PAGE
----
10 Questions with ... Leslie Fram
February 19, 2012
1) Hi Leslie and welcome to Music City! Tell us about your position at CMT and give us a quick 'snapshot' job description of your position as Senior Vice President, Music Strategy
Thanks, I am honored to live and be working in Music City! As SVP of Music Strategy at CMT, I lead the music strategy team, overseeing integration within our brand across all platforms. Our focus is to create and integrate engaging content that adds context to videos, highlight our biggest stars and launch new careers.
2) What are you excited about at the network for 2012?
Presently, CMT has two nights of original programming including "Sweet Home Alabama," and two of the highest-rated shows in the history of the network with "Bayou Billionaires" and "My Big Redneck Vacation." The implications and rewards of adding hit shows to any network are invaluable to the brand.
3) You have worked with CMT President Brian Philips back in radio correct? Where did you two work and what was it like?
Yes-for 10 years in Atlanta at 99X, one of the biggest tastemaker, alternative stations in the country during the 90s and 2000s. Brian was the Program Director (later Operations Manager) and one of my biggest mentors. Brian is a true visionary and during those years we programmed by relying on gut instinct and truly understanding the market and our listeners. It was about localization, from building a morning show to inventing station concerts/events that became legendary and creating our own musical sound that didn't follow a national chart. We invited our listeners to be part of the process way before social networking became the norm.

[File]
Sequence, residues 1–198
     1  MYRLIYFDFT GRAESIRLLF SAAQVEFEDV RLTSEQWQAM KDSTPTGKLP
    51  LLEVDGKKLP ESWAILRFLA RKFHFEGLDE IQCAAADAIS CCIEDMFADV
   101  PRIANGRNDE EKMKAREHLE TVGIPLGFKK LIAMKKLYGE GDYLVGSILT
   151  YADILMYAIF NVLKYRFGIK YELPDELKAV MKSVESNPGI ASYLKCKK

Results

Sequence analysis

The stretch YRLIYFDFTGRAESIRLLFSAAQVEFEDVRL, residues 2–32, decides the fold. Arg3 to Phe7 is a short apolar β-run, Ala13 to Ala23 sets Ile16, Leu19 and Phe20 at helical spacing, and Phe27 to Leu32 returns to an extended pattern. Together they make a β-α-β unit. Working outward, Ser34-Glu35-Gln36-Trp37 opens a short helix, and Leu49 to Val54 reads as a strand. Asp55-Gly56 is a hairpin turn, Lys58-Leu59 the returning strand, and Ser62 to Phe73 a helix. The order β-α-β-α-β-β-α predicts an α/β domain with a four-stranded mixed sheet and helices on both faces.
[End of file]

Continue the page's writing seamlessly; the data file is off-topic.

4) You have done some amazing things in the Rock world, have you always had an appreciation for Country music?
Absolutely! In Atlanta, I was lucky enough to interview and see Johnny Cash and had been a huge fan. In New York, I was on the morning show with MTV's Matt Pinfield and we would interview big country artists like Brad Paisley and Miranda Lambert. I listen to everything from rock to pop and country. In the country world before CMT, I listened to Dierks Bentley, Miranda, Pistol Annies, Keith Urban, Brad Paisley, Dwight Yoakam and many Americana and Texas artists. Seeing Lyle Lovett and His Large Band every year at Chastain Park Amphitheatre was a tradition.